AMMAN (Reuters) - Protests against Syrian President Bashar al-Assad swept into the capital Damascus on Friday for the first time since a growing wave of pro-democracy unrest began to put pressure on his 11-year rule.
Thousands of protesters marched elsewhere across the country despite a fierce crackdown and some political concessions announced by Assad in an attempt to quell spreading unrest.
Shouting “God, Syria, Freedom,” protesters repeated the same demand for democratic reform and freedoms across many cities.
In Damascus, security forces used batons and teargas to prevent thousands of protesters marching from several suburbs from reaching the main Abbasside Square.
“I counted 15 mukhabarat (secret police) busloads,” one witness said.
“They went into the alleyways just north of the square chasing protesters and yelling ‘You pimps, you infiltrators, you want freedom? We will give it to you’.”
A witness who accompanied marchers from the suburb of Harasta said thousands chanted “the people want the overthrow of the regime” and tore down posters of Assad along the route.
In Barzeh, another district of Damascus, rights campaigners said at least 20 people who marched in a separate protest were hospitalized from injuries sustained when secret police and irregular Assad loyalists attacked them with batons.
Assad’s use of force, mass arrests and accusations that armed groups have instigated the unrest, mixed with promises for reform and concessions to minority groups and conservative Muslims, have not placated protesters inspired by popular uprisings which toppled the leaders in Tunisia and Egypt.
On Thursday, he unveiled a new government, which has little power in the one-party state, and ordered the release of some detainees, a move one human rights lawyer said was a “drop in the ocean” compared to the thousands of political prisoners still held.
Nevertheless, protesters gathered in even larger numbers on the Muslim day of prayer.
Rights activists reported protests in the city of Deir al-Zor near the Iraqi border, the restive coastal city of Banias and the southern city of Deraa, where the first demonstrations began against the detention of teenagers who had scrawled revolutionary graffiti on school walls.
Protests also broke out in Latakia and Homs, where the authorities said one policeman was killed by demonstrators. Human rights campaigners said they did not have information about any deaths but security forces had attacked protesters.
In Deraa, “demonstrations came out from every mosque in the city, including the Omari mosque... The number of people is above 10,000 protesters so far,” an activist said by phone.
Rights groups say at least 200 people have been killed since the protests started. Authorities blame “infiltrators” for stirring up unrest at the bidding of outside players, including Lebanon and Islamist groups.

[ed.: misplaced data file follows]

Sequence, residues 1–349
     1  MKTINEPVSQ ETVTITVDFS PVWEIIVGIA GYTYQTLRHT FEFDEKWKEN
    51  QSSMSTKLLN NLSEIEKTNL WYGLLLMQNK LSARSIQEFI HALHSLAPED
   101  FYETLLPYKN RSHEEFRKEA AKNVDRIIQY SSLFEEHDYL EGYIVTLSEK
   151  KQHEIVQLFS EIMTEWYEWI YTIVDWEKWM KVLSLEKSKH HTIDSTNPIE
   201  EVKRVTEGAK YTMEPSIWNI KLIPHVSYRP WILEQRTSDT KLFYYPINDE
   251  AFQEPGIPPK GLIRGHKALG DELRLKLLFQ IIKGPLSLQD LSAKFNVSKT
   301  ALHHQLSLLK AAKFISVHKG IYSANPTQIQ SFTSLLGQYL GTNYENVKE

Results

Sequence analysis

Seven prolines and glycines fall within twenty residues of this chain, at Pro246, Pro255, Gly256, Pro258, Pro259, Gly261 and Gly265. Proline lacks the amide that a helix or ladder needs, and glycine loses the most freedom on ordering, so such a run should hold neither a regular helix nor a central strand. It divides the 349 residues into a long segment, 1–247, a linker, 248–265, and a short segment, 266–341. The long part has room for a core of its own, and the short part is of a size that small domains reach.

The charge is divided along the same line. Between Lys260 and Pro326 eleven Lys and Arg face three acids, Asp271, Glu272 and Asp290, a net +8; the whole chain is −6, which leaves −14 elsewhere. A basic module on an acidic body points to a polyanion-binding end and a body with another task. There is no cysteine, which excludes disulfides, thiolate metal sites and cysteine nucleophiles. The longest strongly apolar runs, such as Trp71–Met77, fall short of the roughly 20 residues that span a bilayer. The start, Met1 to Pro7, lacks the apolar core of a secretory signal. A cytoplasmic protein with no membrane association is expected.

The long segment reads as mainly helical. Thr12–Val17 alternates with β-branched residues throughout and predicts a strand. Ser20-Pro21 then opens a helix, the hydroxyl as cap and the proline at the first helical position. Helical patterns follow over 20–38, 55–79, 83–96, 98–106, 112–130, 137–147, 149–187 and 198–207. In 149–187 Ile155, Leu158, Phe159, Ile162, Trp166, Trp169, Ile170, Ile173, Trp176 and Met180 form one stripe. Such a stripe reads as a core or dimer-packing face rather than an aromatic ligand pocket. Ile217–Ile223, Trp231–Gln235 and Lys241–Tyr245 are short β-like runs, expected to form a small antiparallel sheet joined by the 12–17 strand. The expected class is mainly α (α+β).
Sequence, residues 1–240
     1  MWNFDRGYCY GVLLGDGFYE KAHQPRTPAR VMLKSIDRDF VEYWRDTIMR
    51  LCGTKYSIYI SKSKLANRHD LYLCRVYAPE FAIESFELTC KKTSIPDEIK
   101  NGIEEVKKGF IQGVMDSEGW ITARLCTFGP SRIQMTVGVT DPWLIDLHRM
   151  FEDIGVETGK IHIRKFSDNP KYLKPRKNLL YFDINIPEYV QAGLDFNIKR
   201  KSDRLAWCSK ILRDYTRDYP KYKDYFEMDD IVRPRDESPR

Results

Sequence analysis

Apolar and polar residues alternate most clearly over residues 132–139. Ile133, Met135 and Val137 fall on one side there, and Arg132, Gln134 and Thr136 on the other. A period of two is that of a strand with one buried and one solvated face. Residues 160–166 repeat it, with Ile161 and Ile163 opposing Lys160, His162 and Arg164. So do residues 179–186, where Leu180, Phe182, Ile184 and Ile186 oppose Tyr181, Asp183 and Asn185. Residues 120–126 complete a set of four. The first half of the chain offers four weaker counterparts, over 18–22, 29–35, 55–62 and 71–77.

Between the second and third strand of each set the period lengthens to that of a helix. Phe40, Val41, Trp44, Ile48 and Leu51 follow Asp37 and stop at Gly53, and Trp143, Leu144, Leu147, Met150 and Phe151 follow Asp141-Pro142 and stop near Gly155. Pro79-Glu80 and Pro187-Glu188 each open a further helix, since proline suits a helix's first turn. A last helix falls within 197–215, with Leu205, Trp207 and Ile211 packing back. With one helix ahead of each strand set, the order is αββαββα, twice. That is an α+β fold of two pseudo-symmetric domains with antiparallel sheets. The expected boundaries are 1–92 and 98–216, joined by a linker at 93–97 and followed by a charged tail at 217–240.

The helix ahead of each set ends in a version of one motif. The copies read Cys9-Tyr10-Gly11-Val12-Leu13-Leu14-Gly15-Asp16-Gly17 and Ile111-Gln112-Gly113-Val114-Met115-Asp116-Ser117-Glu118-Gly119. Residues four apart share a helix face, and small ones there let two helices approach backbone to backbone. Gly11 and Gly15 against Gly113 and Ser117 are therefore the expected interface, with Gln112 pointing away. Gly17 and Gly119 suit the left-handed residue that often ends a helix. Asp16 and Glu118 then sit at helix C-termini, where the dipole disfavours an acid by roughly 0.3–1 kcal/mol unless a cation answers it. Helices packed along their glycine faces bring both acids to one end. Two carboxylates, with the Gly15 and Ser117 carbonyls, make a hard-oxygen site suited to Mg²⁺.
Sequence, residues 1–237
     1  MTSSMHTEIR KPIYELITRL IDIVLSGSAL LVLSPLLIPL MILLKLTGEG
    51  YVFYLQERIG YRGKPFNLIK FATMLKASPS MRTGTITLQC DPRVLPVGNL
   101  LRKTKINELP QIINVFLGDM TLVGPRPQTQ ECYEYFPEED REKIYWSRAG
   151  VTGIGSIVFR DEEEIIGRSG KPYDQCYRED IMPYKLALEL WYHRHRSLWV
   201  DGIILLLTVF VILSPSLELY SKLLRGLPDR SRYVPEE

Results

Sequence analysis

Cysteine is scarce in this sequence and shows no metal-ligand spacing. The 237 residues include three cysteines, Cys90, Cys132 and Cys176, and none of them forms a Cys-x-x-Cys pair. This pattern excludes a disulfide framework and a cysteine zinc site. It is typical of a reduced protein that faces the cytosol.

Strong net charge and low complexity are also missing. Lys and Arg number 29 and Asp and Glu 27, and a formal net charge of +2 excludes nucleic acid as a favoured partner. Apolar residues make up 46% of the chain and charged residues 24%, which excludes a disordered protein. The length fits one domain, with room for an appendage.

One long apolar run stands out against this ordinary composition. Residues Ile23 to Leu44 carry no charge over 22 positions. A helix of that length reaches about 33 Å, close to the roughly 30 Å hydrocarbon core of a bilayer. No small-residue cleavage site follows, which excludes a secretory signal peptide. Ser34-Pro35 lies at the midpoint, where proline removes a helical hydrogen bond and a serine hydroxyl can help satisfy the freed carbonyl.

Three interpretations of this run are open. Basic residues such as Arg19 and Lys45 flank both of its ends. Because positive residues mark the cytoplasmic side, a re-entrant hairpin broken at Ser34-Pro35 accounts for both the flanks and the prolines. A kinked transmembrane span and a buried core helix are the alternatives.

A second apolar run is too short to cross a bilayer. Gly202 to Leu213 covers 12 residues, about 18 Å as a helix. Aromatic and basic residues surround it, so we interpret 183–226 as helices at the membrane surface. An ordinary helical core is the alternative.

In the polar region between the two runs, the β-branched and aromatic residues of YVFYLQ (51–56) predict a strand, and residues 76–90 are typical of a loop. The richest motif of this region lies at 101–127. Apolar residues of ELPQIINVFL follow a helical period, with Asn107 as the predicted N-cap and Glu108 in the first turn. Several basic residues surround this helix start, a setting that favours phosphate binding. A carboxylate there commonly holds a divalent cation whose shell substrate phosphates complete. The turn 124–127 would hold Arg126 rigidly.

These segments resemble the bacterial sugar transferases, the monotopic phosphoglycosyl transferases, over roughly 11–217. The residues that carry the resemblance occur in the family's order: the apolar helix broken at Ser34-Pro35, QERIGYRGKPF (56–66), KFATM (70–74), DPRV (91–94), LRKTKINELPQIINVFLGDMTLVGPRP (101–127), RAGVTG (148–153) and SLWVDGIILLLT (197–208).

Syrian state television reported what it said were relatively small, peaceful demonstrations in several cities. Emergency law in force since the Baath Party swept to power in a coup in 1963 bans public gatherings of more than five people.
The protests entered their fifth week following a familiar pattern. The biggest gatherings — and the most bloody — have taken place after Friday prayers, often in defiance of concessions announced by authorities the day before.
The protests would have been unthinkable in a state known for its pervasive security apparatus before the wave of uprisings which have shaken the Arab world.
Al-Jazeera channel aired footage on Friday showing Syrian security forces beating with sticks, kicking and walking over detained protesters in the coastal city of Baida. It said the pictures were shot a few days ago.
Some of the tension has sectarian overtones in the mostly Sunni Muslim country ruled by minority Alawites, members of an offshoot of Shi’ite Islam. Irregular forces loyal to Assad, known as “al-shabbiha,” killed four people in Banias on Sunday.
Assad has said Syria — which is at the heart of the Middle East conflict — was the target of a foreign conspiracy to sow sectarian strife.
His father used similar language when he crushed a leftist and Islamist challenge to his iron rule in the 1980s.
“This is not 1982 Hama. The uprising is not confined to a single area,” a leading opposition figure said, referring to an attack by Hafez al-Assad’s forces to crush an armed revolt by the Muslim Brotherhood in Hama that killed up to 30,000 people.
The younger Assad’s promises of reform, including a salary increase for public workers and a reconsideration of emergency rule in place for 48 years, has been dismissed by protesters hungry for change.
His decision last Thursday to grant citizenship to tens of thousands of stateless Kurds, as well as announcements about lifting a ban on veiled teachers and closing Syria’s sole casino, failed to prevent protests erupting the next day.
The West, which had been trying to coax Syria away from its anti-Israeli alliance with Iran and support for militant groups Hamas and Hezbollah, has urged Assad to refrain from violence.
A panel drafting anti-terrorism legislation to replace emergency law is expected to complete its work by April 25. But critics say the new law will probably grant the state much of the same powers contained in the current legislation.
Additional reporting by Mariam Karouny in Beirut; Writing by Dominic Evans and Yara Bayoumy; Editing by Michael Roddy